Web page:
Postcards From Quarantine

At this point, it feels a mantra to say today, 60+ days after quarantine started, that we’re living in strange times. How far into weird do you have to go before weird becomes normal? Will our reality now forever include mouthcovers and touchless greetings? Will sharing your mate now forever be met with “that’s so irresponsible” stares?

Life starts to look like a never-ending Zoom meeting, birthdays are celebrated with videos and pre-scheduled food delivery, and long-forgotten video games reemerge from the shadows. While the essence of a lockdown is the same for everyone, we somehow still find new things to tell each other about our uneventful yet endlessly weird reality. Yet another testament to humankind’s ability to adapt to what just a few months back would have been utterly impossible to imagine.

At La La Lista, several of our writers decided to share a fragment of our own quarantine experiences. We wonder – when will reading these feel like revisiting a strange, faraway memory?

As is the case for many, this year will surely be the longest I’ve ever gone without seeing my family. My roommates and I keep busy, honoring an unspoken pact to fill the void. I cook a five kilo ham on Easter, Chris tries new desserts (lately it’s been an exploration of fruit tarts), Pablo perfects his homemade chili. We invent traditions like movies and delivery on Saturday night, we save the good wine for the weekends, we play poker for household items. But there’s no getting around the missing. In some ways my family has never been more available — my phone dings with fb chat notifications all day long, my siblings and I trade TikToks that make us laugh. But then, a couple weeks ago, my dad started sharing his recently digitized Hi-8 tapes with the whole family, and my homesickness morphed into something deeper. I don’t just miss them now. I miss them 25 years ago.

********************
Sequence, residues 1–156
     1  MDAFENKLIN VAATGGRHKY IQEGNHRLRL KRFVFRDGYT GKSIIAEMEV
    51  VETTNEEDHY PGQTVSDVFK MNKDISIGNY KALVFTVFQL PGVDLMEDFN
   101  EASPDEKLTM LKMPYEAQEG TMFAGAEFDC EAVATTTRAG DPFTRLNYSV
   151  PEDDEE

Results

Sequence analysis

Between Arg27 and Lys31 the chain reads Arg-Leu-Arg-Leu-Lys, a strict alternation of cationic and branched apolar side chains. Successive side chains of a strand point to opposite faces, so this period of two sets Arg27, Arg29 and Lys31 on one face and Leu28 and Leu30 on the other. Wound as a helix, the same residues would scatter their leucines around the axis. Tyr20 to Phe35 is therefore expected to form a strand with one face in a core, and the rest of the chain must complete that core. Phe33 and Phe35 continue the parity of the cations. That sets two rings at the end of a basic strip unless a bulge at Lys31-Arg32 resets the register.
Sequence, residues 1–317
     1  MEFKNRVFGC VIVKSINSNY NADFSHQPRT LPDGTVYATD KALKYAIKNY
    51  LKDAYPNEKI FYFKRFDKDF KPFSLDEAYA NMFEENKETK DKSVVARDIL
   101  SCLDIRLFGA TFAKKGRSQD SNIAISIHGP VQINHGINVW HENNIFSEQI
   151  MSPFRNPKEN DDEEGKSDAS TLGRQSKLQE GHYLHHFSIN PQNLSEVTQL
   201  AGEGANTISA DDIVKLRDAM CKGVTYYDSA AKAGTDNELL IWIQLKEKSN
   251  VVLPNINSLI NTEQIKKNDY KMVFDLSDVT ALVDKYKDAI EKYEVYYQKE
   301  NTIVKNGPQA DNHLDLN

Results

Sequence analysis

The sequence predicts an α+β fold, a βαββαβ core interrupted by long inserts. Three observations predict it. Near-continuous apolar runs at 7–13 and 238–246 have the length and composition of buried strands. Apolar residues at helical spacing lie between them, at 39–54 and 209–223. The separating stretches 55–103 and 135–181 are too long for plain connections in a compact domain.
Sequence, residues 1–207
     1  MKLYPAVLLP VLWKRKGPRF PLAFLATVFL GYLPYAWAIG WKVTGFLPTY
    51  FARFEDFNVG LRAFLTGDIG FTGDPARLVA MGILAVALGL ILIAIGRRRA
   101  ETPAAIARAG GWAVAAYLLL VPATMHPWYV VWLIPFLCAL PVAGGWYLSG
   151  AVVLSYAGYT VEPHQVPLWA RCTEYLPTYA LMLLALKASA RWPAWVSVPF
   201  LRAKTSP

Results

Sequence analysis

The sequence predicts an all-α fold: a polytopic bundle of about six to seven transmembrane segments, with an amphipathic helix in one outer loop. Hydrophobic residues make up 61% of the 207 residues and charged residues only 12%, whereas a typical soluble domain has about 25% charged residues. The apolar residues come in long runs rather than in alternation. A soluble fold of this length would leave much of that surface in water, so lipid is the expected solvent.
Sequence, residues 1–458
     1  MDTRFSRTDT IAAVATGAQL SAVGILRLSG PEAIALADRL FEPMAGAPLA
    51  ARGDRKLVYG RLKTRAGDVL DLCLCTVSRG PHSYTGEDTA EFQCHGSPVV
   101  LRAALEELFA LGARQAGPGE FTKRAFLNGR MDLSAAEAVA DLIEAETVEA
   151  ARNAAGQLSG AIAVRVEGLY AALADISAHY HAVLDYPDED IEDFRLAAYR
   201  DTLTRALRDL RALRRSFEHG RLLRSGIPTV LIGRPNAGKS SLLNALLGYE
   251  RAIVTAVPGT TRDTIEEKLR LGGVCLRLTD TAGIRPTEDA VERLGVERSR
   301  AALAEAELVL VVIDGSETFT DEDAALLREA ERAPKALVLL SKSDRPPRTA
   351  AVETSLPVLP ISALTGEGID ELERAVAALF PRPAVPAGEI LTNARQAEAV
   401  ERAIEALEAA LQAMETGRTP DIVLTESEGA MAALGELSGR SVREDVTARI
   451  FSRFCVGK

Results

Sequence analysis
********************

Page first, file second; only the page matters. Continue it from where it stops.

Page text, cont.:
As the weeks have dragged on and the lockdown of the country seems to be extended bi-weekly, it’s hard to stay positive and keep yourself sane while confined to the small space of your apartment. I certainly know it’s the case for my girlfriend and I. We’ve been in Buenos Aires for a short amount of time and our dream of traveling throughout South America during the year has been quashed by uncertainty and the over looming issue of job security. However, among all the doom and gloom we’ve had moments of pure joy and happiness. The peak took shape with us forming a bed of pillows and wrapping ourselves in blankets out on our balcony, sipping on cheap red wine, watching Mamma Mia, and belting out ABBA songs to our great pleasure and our neighbor’s ire. Yes, the wine ended and so did the movie, but at least for one night, we were the dancing queens.

I’m writing to you from the improvised bunker that is now my apartment and I can safely say there are two things that this quarantine has taught me: one is that pickled goods have become somewhat of a new religion for me and the other is that becoming a father during quarantine is not precisely the best of plans. Unrelated? Perhaps, but truth be told, this quarantine got me in a real pickle. My partner and I live far away, so when they told me their period was late, my busy and over-thinking brain jumped to horrible dystopian-esque scenarios. Because of the possible baby? Yes! But also because my partner lives with their other partner. No pharmacies were open and/or offering delivery service round their side of town, and so after some intense planning and extremely kind delivery dude’s willingness, we succeeded in our stealthy delivery mission. In the end, we were able to avoid a pile of drama — and diapers. All I know is that regardless of what happens after lockdown, I’ll be the first in line for a vasectomy. 

I turned 23 during the first round of quarantine in March. In this period, my neighbors were clapping enthusiastically at 9 pm every night, I turned on the news a lot, and the daily death tolls reported in Italy were still shocking. To celebrate my birthday my roommate and I shared a bottle of wine on the roof of our building. A helicopter that flew right over our heads contributed to the dystopian mood. As we looked around at Caballito from above, it felt like we were saying goodbye to the city for an undetermined amount of time. My roommate’s birthday is May 5th, and we speculated that we’d be celebrating it in the same fashion, but May seemed very far away back In March.